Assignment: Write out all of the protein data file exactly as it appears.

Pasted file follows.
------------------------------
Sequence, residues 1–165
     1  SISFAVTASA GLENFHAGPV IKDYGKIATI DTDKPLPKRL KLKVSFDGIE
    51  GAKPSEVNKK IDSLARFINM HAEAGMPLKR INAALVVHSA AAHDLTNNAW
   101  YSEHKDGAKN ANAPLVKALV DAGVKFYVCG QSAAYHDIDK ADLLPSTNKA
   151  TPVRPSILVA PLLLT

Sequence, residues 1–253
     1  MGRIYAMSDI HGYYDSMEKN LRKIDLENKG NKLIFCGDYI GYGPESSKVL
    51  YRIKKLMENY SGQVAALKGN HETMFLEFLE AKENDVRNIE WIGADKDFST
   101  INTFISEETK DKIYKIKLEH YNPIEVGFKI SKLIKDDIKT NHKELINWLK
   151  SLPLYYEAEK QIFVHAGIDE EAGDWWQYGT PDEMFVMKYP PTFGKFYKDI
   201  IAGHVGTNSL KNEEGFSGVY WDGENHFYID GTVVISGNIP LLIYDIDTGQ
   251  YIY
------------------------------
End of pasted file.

Sequence, residues 1–165
     1  SISFAVTASA GLENFHAGPV IKDYGKIATI DTDKPLPKRL KLKVSFDGIE
    51  GAKPSEVNKK IDSLARFINM HAEAGMPLKR INAALVVHSA AAHDLTNNAW
   101  YSEHKDGAKN ANAPLVKALV DAGVKFYVCG QSAAYHDIDK ADLLPSTNKA
   151  TPVRPSILVA PLLLT

Sequence, residues 1–253
     1  MGRIYAMSDI HGYYDSMEKN LRKIDLENKG NKLIFCGDYI GYGPESSKVL
    51  YRIKKLMENY SGQVAALKGN HETMFLEFLE AKENDVRNIE WIGADKDFST
   101  INTFISEETK DKIYKIKLEH YNPIEVGFKI SKLIKDDIKT NHKELINWLK
   151  SLPLYYEAEK QIFVHAGIDE EAGDWWQYGT PDEMFVMKYP PTFGKFYKDI
   201  IAGHVGTNSL KNEEGFSGVY WDGENHFYID GTVVISGNIP LLIYDIDTGQ
   251  YIY